Guest author, Anna Shaw, looks at the importance of insects in the diets of mammals, and what we can do to stock up our garden larder. Insects make up a lesser or greater part of the diets of many British mammals. Badgers, hedgehogs, shrews and some voles and mice, for example, consume insects as part of a wider diet of invertebrates, seeds and fruit.
Grabbing a bite
All of the 18 species of bat in the UK are insectivores. A single bat can catch and eat up to 3000 insects per night. Our native bat species not only vary in size (the smallest can fit inside a matchbox) but in the habitats in that they hunt in, from woodland to waterways and urban areas.
They employ a range of techniques too. Noctule bats, for example, fly high and fast whilst Natterer’s bats fly more slowly and Daubenton’s bats swoop down and pluck insects from the water surface with its large feet. Given the reliance bats have on insects as their main food source, it’s not surprising that a reduction in the number and variety of insects, partly due to changes in agricultural practices, has contributed to a decline in our bat populations over the last century.
Catering for wildlife
Although conservation efforts have seen populations rise again, we can help bats out in our gardens too by encouraging a range of insects for them to feed on. One way to this is by growing nectar rich plants with a variety of flower shapes, colours and flowering periods, to support a greater abundance and diversity of insect species. This wider range of insects will appeal to more bat species, which feed on different selections on insects. Night-scented flowers, such as honeysuckle and evening primrose, will appeal to insects active a night, such as moths, providing further food for bats.
Other garden features, too, are easily put in place: a pond or water feature which, however small, will attract insects and other wildlife into your garden, or a ‘bug hotel’ or log pile, which provides sites for insects to nest or overwinter in. You could plant a tree, such as beech or ash, providing bats with roost sites, additional food and even a signpost to navigate by, or put up a bat box in an building or existing tree as an alternative roost site.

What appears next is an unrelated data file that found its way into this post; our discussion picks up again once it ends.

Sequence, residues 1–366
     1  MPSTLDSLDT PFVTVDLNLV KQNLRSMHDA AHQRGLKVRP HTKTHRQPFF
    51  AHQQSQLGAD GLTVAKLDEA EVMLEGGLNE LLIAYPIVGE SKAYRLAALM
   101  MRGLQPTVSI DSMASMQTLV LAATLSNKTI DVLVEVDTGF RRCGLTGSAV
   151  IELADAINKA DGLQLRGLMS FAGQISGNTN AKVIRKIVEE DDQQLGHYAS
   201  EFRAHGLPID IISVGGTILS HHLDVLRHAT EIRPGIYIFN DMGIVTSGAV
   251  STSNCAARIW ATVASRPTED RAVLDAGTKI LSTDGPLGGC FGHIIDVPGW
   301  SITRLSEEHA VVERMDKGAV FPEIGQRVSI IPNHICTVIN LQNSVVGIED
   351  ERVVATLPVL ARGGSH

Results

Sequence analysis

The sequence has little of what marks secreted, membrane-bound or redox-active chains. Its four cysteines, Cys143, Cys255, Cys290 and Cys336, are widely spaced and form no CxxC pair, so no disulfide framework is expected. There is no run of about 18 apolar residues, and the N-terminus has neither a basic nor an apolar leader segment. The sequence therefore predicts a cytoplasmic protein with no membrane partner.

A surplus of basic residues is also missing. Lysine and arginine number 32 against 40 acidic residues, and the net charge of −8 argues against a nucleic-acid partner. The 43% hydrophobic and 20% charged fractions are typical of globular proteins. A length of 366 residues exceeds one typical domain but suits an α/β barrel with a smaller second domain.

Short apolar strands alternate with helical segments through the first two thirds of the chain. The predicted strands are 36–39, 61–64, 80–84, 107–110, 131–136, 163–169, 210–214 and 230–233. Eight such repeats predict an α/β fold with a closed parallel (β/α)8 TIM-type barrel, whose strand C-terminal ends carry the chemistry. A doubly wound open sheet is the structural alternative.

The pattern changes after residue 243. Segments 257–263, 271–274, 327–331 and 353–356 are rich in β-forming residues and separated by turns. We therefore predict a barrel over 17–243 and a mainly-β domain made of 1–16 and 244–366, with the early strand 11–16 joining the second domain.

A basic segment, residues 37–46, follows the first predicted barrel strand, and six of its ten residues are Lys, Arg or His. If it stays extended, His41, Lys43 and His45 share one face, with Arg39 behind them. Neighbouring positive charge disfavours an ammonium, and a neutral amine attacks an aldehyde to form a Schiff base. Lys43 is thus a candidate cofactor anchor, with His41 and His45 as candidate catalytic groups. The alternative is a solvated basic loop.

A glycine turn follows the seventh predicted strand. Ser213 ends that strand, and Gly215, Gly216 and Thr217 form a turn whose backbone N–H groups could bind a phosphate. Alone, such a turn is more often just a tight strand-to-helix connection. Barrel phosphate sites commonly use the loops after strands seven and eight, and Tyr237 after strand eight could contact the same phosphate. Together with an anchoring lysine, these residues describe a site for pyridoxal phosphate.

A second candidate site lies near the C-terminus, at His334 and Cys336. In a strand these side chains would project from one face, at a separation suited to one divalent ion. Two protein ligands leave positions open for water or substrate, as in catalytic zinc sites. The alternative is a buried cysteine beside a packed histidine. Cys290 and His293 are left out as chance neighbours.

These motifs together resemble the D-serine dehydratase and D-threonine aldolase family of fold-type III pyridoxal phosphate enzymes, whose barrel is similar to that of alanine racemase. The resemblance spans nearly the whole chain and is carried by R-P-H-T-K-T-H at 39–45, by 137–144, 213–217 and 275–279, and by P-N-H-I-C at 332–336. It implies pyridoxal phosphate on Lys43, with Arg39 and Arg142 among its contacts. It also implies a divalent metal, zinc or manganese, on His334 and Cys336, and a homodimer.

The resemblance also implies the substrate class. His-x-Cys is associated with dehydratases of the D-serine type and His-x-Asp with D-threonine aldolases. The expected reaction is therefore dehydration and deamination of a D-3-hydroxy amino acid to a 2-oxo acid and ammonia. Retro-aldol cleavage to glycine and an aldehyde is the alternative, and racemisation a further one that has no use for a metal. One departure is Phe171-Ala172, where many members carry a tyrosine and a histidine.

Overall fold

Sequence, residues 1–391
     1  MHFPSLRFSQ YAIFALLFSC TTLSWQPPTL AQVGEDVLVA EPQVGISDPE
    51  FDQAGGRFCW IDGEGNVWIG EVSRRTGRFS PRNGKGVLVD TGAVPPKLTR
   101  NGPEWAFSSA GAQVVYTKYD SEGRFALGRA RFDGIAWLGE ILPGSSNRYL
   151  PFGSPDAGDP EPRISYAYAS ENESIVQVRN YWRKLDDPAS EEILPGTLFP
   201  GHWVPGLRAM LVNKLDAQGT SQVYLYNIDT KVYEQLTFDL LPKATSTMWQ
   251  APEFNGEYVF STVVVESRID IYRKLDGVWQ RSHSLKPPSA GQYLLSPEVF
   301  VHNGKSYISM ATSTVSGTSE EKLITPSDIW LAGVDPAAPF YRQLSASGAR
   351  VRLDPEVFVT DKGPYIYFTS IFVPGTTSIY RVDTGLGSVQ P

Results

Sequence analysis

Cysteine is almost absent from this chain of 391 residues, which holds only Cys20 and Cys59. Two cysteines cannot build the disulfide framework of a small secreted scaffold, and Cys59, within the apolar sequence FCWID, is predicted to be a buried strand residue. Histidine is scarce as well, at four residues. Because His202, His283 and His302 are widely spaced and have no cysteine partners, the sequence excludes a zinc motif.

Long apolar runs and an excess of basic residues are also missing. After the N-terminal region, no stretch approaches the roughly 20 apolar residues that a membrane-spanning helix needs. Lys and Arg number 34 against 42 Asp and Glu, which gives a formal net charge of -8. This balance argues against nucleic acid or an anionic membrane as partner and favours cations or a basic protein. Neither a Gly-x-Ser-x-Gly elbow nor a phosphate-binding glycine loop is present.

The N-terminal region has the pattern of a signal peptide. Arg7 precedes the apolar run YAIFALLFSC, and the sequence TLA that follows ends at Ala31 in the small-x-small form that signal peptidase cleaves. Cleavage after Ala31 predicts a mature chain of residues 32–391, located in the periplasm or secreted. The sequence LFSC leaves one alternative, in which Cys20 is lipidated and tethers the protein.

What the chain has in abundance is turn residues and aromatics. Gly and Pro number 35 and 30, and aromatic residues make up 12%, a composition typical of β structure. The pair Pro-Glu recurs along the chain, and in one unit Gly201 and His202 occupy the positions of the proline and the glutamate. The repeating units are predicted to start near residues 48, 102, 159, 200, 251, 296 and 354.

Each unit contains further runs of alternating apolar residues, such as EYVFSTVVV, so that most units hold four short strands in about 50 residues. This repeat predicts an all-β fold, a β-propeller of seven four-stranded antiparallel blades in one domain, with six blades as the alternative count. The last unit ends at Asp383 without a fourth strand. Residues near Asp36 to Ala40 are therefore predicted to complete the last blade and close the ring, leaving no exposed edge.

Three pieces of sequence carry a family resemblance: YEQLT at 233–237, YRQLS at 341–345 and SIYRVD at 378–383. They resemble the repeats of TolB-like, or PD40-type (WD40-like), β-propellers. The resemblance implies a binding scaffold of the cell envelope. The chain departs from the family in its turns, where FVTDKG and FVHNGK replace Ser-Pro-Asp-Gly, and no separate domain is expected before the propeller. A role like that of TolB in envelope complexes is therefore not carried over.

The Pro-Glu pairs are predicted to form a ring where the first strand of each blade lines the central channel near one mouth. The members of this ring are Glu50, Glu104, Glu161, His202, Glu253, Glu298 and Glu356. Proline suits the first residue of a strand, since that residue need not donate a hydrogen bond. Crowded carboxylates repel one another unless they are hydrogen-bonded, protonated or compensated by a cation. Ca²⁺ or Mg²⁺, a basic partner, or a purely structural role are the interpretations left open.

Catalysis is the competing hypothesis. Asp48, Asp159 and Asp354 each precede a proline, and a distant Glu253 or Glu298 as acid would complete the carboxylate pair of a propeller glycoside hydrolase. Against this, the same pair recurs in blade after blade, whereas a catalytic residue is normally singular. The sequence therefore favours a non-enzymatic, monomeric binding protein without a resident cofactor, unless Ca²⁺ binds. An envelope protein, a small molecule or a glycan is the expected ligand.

It isn’t just the bee that’s busy in our gardens. Insects pollinate, recycle, control pests and feed so much of the other wildlife. They’re on the menu of hedgehogs, wood mice, shrews and bats, and by encouraging them, who knows who’ll you’ll attract in.
Did you know?
Eighteen species of bat are resident in the UK, but one, the greater mouse-eared bat, is just that – one – a solitary indivdual recorded most years since 2002. Greater mouse-eared bats are the largest bat in Britain, with a wingspan around 40 cm.
By comparison, the wingspan of pipistrelles, the smallest species, is half of that (about 22 cm). The two species of pipistrelle, common and soprano, are the most likely to be spotted in urban areas, emerging a short time after sunset and flying quickly just above head-height. They feed on midges, small flies, mosquitoes, lacewings and small moths, caught in the air.
In summer, pipistrelles will roost beneath building tiles, under roofing felt or in cracks in walls, and will also make use of bat boxes.
Bats rarely cause any damage to buildings: unlike birds, they don’t bring in nesting materials and, unlike rodents, they won’t gnaw electric cables or wood. Their droppings carry no disease and are usually odourless. Large summer roosts of pipistrelles can number several hundred individuals and they can be noisy tenants, but so important are buildings to bats that managing and renovating them appropriately is a big part of bat conservation.
Many of Britain’s mammals are in trouble. If we’re not careful, even common species can be lost before our eyes. That’s why we need your help to monitor mammals and record sightings to protect their future. If you’d like to help us monitor our wild neighbours, take part in our nationwide survey Living with Mammals today.